Rowland Communications Worldwide
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Rowland Communications Worldwide

Rowland has been losing momentum steadily for the best part of a decade, failing to grow significantly over a decade when competitors were tripling and quadrupling in size, and nothing happened in 2001 to reverse the trend.

Holmes Report

Rowland has been losing momentum steadily for the best part of a decade, failing to grow significantly over a decade when competitors were tripling and quadrupling in size, and nothing happened in 2001 to reverse the trend, although the firm’s performance was in line with the rest of the industry. New business included assignments from St. Joseph’s aspirin and Guidant Corporation, but it was long-term clients such as Canon, DuPont and Johnson & Johnson/McNeil that provided what growth there was.
National Reach
In recent years, Rowland has consolidated its U.S. operations, closing offices in Los Angeles and Minneapolis, so it was left with its headquarters in New York and satellites in Wilmington (where it serves the DuPont business) and Rochester. But in 2001, after flirting with several acquisitions, Rowland finally picked up a Washington office, thanks to the acquisition by parent Publicis of medical advertising group Nelson and agency president Mark Weiss says the firm is looking at the “medicine chest,” including nutriceuticals, as a potential growth sector.
International Reach
After spinning off its U.K., Italian and Australian operations two years ago, Rowland has a much reduced international network, but it maintains what it calls “integrated communications hubs” in London, Brussels and Geneva and continues to operate in 41 countries—although it doesn’t have significant critical mass in many.
Rowland has always been strong in consumer healthcare, and the Nelson acquisition extended that capability, adding issues management and public policy capabilities in Washington, D.C. It also continues to be a force in business-to-business marketing, particularly in its agribusiness work for DuPont, and has a strong crisis communications unit, led by Tony Katz.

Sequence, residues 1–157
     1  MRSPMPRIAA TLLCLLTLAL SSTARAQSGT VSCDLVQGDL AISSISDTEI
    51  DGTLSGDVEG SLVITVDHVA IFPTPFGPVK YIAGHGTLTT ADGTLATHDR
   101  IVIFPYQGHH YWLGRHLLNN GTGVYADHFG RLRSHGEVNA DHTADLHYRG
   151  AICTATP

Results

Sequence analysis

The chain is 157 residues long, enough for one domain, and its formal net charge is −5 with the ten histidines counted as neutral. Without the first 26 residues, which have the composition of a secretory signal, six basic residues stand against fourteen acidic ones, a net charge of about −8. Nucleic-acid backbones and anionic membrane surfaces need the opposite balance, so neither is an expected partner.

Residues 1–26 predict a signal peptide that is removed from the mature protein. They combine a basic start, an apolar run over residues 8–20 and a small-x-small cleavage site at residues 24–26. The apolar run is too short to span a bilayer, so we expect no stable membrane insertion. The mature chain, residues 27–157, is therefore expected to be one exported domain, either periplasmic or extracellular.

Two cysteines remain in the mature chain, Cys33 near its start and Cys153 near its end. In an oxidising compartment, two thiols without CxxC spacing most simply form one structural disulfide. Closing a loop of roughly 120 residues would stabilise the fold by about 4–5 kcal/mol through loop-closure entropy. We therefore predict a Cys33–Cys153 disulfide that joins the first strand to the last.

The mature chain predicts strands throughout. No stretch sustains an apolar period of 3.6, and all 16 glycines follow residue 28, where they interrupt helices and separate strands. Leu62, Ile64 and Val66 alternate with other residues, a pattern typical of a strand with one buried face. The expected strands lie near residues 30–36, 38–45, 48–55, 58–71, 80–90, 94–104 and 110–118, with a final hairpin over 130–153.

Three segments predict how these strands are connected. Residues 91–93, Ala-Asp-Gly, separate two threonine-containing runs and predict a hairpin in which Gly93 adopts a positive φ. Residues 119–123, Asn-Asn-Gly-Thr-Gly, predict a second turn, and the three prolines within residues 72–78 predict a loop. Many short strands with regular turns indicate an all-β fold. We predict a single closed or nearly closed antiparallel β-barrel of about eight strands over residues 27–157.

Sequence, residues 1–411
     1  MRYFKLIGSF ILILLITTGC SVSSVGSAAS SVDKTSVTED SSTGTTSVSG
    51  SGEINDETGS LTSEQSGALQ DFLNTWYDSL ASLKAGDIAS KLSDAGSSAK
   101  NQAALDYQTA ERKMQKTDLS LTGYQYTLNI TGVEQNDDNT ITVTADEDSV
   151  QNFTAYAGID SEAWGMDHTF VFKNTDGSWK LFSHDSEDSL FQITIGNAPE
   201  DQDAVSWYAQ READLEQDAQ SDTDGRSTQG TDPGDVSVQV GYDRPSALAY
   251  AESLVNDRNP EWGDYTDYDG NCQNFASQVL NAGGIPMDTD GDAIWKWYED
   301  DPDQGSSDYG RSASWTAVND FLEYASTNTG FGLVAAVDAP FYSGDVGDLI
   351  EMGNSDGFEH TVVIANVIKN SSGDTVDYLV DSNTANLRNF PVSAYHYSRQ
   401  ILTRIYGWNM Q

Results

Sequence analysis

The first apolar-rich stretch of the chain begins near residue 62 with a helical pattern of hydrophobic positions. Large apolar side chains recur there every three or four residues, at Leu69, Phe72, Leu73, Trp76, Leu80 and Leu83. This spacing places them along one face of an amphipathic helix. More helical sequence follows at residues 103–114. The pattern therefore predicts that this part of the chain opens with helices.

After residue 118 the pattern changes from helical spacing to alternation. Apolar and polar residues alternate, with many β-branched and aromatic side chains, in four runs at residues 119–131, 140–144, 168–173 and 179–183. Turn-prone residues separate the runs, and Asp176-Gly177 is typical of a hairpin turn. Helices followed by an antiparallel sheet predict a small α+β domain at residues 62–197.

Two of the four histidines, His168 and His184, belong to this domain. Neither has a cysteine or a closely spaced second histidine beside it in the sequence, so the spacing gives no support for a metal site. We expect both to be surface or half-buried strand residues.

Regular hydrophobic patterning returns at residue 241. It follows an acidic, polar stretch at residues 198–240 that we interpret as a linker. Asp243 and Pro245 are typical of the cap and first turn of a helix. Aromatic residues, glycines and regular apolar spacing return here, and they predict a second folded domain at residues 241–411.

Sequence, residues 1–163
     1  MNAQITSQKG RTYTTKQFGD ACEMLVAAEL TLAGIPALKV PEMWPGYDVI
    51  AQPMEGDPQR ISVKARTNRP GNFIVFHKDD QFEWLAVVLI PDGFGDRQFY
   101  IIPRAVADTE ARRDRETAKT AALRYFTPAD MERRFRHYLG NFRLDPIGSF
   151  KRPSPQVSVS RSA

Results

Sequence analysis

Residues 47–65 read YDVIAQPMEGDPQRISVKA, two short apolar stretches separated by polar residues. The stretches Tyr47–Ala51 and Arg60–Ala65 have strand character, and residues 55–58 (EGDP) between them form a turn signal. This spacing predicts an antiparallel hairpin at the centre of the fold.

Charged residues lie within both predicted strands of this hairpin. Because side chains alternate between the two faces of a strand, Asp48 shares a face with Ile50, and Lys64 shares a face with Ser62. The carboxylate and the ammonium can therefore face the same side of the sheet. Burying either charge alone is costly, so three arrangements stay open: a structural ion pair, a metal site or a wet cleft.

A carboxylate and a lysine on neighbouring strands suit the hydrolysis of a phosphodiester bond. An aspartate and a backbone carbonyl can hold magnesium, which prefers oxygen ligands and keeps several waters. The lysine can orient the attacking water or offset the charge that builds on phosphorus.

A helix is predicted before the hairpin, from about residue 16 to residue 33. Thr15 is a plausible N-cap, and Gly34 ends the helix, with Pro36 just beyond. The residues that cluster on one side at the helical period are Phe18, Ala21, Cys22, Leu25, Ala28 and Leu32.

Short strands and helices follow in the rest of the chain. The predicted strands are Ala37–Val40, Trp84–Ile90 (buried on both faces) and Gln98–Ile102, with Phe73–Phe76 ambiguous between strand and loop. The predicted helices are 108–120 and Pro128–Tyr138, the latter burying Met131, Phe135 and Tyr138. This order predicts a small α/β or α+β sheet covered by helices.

Without any significant support from its parent, Rowland has not been in a position to make investment hires, but it does have a strong core team that has been together now for more than a decade, led by CEO Mark Weiss. Key players include Katz, business-to-business marketing maven Laura Sturtz and healthcare practice leader Maria Sweeney.
Rowland could learn a lesson from Creamer Dickson Basford, another firm that suffered steep declines in the 1990s but was able to turn itself around (it’s now part of Magnet). The turnaround began with the internal culture, with creating a work environment that attracted bright young people with energy and talent. Rowland doesn’t have a strongly defined culture, which makes it difficult to attract the kind of people needed to give the firm the kind of spark it needs.
Intellectual Leadership
Today, every agency has its own proprietary methodology, and most of them are difficult to tell apart. Rowland had one of the first, called Point of Entry communications, and it’s one of the few that is truly distinctive, offering clients a discipline neutral approach that enables them to target the right influencers with the right message.
When medical device company Guidant called in Rowland, it was in trouble: the stock was down 40 percent and takeover rumors were swirling around the company, and there was a cultural bias against proactive communication. Rowland helped steer the company through negative earnings news and a product recall, and then make an impressive comeback. It was a great example of what the agency can do when given a chance, and it makes one wonder what would happen if it was given that chance more often.
The Rowland brand, once one of the most recognizable in the industry, has been allowed to languish in recent years, to the point that it’s difficult to say what the firm stands for. Existing clients continue to regard the agency highly, as evidenced by their loyalty and their willingness to expand their budgets, but there is no “buzz” in the marketplace, and Rowland rarely gets invited to the big dances.
The Future
Most if not all of Rowland’s problems in recent years can be traced to its parent company, which has conspicuously failed to invest in PR the way its larger counterparts have. Rowland has never had the benefit of assignments handed down from its ad agency sister company—for the most part, it doesn’t even get called in to pitch integrated assignments. There was an expectation that might change after Publicis bought Saatchi, but so far there hasn’t been much action. Sooner or later, it seems, Publicis will have to consolidate its PR brands to create a single international entity.
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